Europe has a problem with air. The levels of air pollution across the continent are getting worse and one of the main contributing factors is motor vehicles. Brussels and Sofia are two cities that have high levels of air pollution and a growing concern among citizens. In Brussels the quality air and the volume of traffic is linked to the tax free status of company cars that are offered to employees as part of reward and recognition processes. In Sofia the large increase in cars following the end of state socialism and the growth in private transportation is connected with coal or wood used in homes for heating and in industry. In both city’s local resident’s have become increasingly concerned over the health implications that include a growing prevalence of childhood asthma. Throughout Europe as many as 402,00-432,000 deaths are caused by the poor quality of the air per year. This raises questions of what to do for those concerned. In Brussels CleanAIRBXL (http://www.cleanairbxl.be) is a pressure group that is working to highlight the issues of air pollution. The group has staged several protests in visible places around Brussels to inform others and promote the cause. The latest protest on18/02/17 was involved placing safety masks on statues around the city with slogans to help drive home their message. The day ended with a mannequin challenge outside the Magritte Museum in the heart of Brussels. For a video report follow this link https://www.youtube.com/watch?v=5RHPOiYv3K4.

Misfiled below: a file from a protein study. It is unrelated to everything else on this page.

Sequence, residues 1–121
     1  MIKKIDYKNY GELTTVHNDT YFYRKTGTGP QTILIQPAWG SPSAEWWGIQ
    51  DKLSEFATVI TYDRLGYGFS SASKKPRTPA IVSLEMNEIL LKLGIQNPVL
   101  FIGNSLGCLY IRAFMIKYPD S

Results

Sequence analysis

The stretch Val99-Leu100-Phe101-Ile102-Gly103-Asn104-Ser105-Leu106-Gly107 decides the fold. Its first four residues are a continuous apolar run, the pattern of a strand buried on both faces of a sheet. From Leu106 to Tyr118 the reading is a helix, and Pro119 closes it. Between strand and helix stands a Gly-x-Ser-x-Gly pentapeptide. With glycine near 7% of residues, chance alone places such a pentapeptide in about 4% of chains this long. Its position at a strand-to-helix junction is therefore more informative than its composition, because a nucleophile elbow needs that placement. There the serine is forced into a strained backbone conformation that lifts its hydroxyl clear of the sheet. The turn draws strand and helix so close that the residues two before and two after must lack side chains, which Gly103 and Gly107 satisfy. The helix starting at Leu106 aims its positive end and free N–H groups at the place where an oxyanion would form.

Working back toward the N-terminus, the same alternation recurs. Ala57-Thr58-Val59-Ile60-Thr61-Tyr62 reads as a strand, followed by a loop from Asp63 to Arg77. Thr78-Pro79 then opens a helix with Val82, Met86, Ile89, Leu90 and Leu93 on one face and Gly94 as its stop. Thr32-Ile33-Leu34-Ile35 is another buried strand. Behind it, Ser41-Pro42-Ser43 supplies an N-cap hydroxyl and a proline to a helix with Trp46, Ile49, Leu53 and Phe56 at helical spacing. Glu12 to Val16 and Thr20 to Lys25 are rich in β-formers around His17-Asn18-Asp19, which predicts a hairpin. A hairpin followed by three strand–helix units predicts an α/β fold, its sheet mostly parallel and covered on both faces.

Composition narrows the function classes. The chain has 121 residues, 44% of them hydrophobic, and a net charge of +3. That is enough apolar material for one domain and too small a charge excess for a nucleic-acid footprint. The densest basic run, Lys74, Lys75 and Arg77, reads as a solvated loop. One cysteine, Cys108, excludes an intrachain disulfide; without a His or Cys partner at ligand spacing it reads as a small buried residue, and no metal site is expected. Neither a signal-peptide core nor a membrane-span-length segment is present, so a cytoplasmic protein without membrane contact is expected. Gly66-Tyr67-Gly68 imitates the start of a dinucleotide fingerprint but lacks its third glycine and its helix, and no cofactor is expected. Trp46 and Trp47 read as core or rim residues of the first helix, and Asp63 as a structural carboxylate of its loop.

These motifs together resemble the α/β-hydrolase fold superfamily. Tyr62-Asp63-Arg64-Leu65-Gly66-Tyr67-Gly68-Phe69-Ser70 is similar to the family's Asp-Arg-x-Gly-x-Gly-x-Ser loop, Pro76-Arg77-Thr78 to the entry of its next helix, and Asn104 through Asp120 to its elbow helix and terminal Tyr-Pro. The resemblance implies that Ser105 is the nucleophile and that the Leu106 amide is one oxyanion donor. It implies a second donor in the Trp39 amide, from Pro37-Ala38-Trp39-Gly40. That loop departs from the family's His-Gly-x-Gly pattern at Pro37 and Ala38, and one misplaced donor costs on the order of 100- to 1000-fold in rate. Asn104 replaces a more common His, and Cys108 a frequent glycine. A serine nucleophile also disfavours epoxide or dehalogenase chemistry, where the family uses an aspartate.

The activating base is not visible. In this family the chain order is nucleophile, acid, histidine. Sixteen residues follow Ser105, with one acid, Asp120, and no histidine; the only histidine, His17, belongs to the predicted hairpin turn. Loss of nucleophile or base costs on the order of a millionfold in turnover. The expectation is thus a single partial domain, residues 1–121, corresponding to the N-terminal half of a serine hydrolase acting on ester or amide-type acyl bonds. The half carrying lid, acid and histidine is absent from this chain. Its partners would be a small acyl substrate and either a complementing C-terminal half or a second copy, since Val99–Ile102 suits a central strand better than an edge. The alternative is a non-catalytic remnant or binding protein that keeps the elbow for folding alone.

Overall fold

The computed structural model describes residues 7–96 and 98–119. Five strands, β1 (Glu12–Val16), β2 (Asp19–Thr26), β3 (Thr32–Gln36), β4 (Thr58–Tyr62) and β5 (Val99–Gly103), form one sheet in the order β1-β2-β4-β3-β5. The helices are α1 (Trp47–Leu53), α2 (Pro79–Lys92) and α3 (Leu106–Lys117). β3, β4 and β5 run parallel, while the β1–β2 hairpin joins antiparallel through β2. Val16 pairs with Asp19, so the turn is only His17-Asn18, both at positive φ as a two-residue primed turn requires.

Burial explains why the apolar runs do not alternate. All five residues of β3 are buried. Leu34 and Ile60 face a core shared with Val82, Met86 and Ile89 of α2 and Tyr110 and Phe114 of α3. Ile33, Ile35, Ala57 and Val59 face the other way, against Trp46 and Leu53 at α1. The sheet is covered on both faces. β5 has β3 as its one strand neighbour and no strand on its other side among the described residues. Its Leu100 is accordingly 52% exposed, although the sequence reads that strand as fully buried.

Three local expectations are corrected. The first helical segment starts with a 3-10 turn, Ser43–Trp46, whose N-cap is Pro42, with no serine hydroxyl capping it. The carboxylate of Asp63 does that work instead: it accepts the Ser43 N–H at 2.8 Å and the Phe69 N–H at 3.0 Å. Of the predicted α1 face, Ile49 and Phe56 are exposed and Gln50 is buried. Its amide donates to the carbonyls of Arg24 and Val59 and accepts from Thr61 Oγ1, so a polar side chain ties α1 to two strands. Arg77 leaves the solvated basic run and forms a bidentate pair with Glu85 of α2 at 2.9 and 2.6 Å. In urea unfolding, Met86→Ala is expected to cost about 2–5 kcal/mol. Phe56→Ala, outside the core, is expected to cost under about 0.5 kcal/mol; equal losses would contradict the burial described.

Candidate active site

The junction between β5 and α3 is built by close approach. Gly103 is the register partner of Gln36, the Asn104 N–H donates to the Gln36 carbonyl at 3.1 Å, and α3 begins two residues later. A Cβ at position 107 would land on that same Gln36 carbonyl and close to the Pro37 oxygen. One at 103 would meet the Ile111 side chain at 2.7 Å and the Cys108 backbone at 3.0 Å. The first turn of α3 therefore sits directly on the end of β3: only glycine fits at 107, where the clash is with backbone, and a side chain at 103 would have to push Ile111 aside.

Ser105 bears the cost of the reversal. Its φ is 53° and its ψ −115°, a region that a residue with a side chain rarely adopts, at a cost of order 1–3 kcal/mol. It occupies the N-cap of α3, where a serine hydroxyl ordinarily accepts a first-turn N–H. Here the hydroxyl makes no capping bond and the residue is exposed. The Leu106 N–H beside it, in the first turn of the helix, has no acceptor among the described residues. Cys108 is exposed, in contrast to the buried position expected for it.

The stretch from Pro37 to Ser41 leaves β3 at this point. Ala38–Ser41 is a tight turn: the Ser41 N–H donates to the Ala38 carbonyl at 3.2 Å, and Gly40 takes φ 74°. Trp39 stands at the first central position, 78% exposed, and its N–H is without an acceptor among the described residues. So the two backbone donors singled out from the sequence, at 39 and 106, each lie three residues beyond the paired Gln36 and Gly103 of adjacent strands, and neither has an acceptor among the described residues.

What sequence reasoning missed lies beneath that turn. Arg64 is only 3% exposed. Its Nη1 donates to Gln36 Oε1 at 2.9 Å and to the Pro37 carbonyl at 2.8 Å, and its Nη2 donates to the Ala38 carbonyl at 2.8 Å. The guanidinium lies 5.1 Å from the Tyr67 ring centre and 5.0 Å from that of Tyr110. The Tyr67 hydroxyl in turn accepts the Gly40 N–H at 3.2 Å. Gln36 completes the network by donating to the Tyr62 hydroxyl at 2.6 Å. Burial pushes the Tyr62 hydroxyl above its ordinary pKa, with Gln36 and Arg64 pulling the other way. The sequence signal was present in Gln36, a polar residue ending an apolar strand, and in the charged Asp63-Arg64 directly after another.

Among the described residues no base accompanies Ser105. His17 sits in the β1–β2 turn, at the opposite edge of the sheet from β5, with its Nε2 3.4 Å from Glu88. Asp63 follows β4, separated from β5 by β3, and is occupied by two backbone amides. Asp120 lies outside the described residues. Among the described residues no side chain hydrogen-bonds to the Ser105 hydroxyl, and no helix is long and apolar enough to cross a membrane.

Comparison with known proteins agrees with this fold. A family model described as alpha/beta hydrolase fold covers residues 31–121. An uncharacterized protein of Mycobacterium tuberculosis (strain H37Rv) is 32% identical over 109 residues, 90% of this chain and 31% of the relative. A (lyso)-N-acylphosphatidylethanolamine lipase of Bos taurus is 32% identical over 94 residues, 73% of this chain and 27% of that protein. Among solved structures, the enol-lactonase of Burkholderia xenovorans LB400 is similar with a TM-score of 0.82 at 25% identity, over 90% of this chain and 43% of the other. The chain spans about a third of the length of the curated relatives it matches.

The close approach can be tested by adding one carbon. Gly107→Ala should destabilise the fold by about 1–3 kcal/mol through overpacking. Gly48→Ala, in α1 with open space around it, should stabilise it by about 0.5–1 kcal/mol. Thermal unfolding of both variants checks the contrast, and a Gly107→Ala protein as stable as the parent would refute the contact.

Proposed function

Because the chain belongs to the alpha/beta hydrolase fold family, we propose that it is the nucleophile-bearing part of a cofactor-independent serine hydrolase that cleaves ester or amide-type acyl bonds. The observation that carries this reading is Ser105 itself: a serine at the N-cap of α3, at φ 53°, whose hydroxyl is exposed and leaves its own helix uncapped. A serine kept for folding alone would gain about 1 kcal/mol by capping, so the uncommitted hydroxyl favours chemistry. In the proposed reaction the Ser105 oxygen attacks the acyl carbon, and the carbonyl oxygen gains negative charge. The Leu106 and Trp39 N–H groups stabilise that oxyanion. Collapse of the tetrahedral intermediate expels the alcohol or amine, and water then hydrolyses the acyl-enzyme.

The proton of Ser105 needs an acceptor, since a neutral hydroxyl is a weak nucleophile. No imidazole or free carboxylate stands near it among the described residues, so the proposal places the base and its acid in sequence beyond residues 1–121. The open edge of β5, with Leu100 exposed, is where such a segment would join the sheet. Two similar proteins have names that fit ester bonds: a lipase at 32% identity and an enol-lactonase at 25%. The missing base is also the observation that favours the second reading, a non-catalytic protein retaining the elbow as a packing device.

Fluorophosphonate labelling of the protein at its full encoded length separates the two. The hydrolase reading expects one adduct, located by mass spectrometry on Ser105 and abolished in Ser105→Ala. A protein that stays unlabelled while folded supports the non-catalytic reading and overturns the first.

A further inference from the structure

Images courtesy of @cleanairBXL
In Sofia a similar protest saw famous landmarks co-opted into the cause (for a photo gallery follow this link
http://m.dnevnik.bg/photos/2017/01/31/2909605_fotogaleriia_emblematichni_pametnici_v_sofiia_osumnaha – this site is only in Bulgarian). As well as drawing attention to an important cause and one that draws on urban sustainability, mobility, culture, and health the clean air protests also work to raise question of the different techniques groups have for influencing policy. In this instance, it is a case of big visible demonstrations. Alternative or accompanying style are small acts of everyday alternative practices that include choice of transport, ways of living in cities, or concerted efforts at animating political action. The use of iconic urban space is key tool in the urban protesters arsenal. The clean air protests are an attempt to engage residents in activism for more sustainable urban futures.
Image courtesy of novinite.bg